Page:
I was at a bit of a loss about what to talk about when I was invited recently to speak at the Palo Alto Rotary Club following my Jan. 31 retirement as Palo Alto Weekly editor.
There have been thousands of stories, columns, editorials and adventures over my five decades of being a full- or part-time journalist. Pressed for a topic to meet a newsletter/announcement deadline, I blurted out: "OK. I'll talk about the Top 10 news stories I've covered."
Easier said than done. I began wishing I'd said "Top Three." For days, as last Monday's talk drew closer, the term "Top 10" cycled through my brain. I jotted notes, winnowed topics, compared interest, significance, and how I personally felt about the story. This was MY Top 10, after all.
At last I opened my laptop and began putting things down. But first I had to define "story," which can be anything from a single article to a continuing topic that encompasses many articles, columns, even editorials. Then I had to find a way to present all these stories within the allocated 30 minutes allocated. I'll hustle through some, I thought, so I have more room for the big Top Three -- also easier said than done. To keep myself on time, I turned to PowerPoint.
So here they are, in three parts -- working up to Number One as they do on TV:
Number 10 is a sad one of more than a half century ago, but it has echoes as timely as today's news. I was editor of the El Gato student newspaper at Los Gatos High School in 1957, under a great teacher/adviser, Elizabeth Girdler. A young woman, Connie, ran her car into a tree between Los Gatos and Saratoga at 85 miles an hour at 6:30 a.m. in her flannel nightdress. It was the same tree that killed a young man, also a fellow student, a year earlier in what was most likely a simple crash due to speeding and a slight dip in the roadway.
Connie had just been rejected for a part in the senior play. Two aspects made this a special story: A paparazzi-like group of journalists cornered the distraught father. One shoved a tape recorder in his face and asked why he thought she had done it. The father mumbled something about there perhaps being "a James Dean cult" at the school, as Dean's death was still recent.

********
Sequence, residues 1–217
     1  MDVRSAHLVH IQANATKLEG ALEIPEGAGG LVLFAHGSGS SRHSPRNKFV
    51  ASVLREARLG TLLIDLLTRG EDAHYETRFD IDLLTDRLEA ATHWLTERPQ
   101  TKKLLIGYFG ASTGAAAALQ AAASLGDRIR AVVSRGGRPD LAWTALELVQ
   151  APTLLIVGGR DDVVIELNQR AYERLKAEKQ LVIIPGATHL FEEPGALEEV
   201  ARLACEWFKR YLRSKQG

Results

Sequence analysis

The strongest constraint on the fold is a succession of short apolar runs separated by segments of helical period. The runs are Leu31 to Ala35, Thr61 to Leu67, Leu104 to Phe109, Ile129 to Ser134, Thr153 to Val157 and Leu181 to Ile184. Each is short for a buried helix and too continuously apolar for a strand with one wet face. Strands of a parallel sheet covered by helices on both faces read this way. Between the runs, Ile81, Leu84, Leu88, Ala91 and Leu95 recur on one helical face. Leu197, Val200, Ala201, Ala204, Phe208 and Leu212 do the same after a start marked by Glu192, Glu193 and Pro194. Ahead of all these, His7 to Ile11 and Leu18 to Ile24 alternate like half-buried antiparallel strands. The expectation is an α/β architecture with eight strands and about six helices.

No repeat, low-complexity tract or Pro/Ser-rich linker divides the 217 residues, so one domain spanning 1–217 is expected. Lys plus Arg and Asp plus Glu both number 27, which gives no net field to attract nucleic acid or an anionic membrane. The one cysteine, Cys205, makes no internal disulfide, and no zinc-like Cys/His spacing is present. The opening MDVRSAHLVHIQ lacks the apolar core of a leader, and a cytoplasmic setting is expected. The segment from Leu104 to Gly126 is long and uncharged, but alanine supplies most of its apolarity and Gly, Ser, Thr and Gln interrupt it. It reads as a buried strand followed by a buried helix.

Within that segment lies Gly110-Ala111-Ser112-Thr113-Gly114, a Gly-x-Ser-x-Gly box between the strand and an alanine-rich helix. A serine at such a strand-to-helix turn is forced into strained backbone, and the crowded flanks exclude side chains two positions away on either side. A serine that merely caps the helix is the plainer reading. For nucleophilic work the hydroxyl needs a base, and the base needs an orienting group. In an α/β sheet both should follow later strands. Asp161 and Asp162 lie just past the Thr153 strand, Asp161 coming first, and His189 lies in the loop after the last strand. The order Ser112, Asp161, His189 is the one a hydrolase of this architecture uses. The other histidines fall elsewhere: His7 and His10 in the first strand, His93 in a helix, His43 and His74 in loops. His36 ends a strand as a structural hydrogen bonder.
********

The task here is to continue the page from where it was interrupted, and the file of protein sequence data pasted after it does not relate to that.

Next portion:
The media pounced. With no effort whatsoever to check out his fantasy of grief, Connie's yearbook photo showed up on front pages nationally and in Europe with variants of the headline: "James Dean cult at Los Gatos High School." I was deeply angered at this act of irresponsible, incompetent reporting. It has stayed with me as a core guideline of responsible professionalism ever since. I'm still mad.
The second aspect was that we followed up on the story. We checked the cast lists of the senior play, the junior play, the sophomore skits and the freshman frolics over four years and found that most of the on-stage parts went essentially to the same group of kids, a kind of "drama clique" that had shut Connie out. We added up the cost of the drama program, printed an article, followed with an editorial that, as I recall, said a program that cost that much should be broader than benefiting a "handful of teacher's pets."
I soon had my first (of more than a few) meetings with the school principal, and very nice man named Fred Canrinus. His daughter 20 or so years later told me that he "followed your career" when I was still at the Palo Alto Times in the late 1970s.
For Number 9, I chose a different kind of story: "My First Newspaper War."
Desperate for a summer job between my junior and senior years at San Jose State, I jumped at a job Professor Lamar Mackey called me about on a Thursday morning. A publisher, he said, was desperately seeking an editor for a chain of weeklies in West Fresno County: the Mendota News, Firebaugh News and San Joaquin/ Tranquility News -- starting Friday morning. No way. Had a date Friday night.
But I pulled into Mendota before 8 a.m. Saturday morning, passed the scruffy office three times before finding it, and started the hardest 2 1/2 months of my life putting out three weeklies in an office with no air conditioning, a young publisher and his family, including his irascible 78-year-old father (a retired South San Francisco weekly publisher), a printer and a pressman younger than my 21 years and a series of drunken LinoType operators.
Yet the real story was how we put a rival publisher, a 20-year veteran of the Oakland Tribune, out of business after he purchased the Firebaugh Journal to the north. He had come into the Mendota News office when my publisher bought the chain, refused to shake hands, declared "This area's not big enough for the both of us," and stalked out. A jerk, in other words.
Soon after I returned to San Jose State I heard he turned the Journal back to the old publisher, giving up. I thought a lot about how a rank beginner was able to outmaneuver a veteran journalist who knew about everything -- and wasn't shy about telling everyone. My take-home lesson was that he made the locals feel small and "hicks," while my ignorant questions about simple zoning matters made them feel bigger and better.
Journalists should never let their heads outgrow their hat sizes.
My Number 8 story was "The First Manned Flight to Mars," while based in Mountain View for the Palo Alto Times in the mid-1960s. Part of my beat was Moffett Field and NASA, including Hangar One, science, a trip to Florida to watch the first solid-fuel rocket-assist launch and a five-part, detailed series on "The First Manned Flight to Mars." It never happened, of course. But it COULD have happened, back in the 1980s, I believe, according to the calculations of one scientist/mathematician.
The Mars-landing story was picked up worldwide by Associated Press and put the scientist who figured out how it could be done on the map, I was told later. "You really made his career," another NASA scientist told me.
Continued Friday, March 11, same place.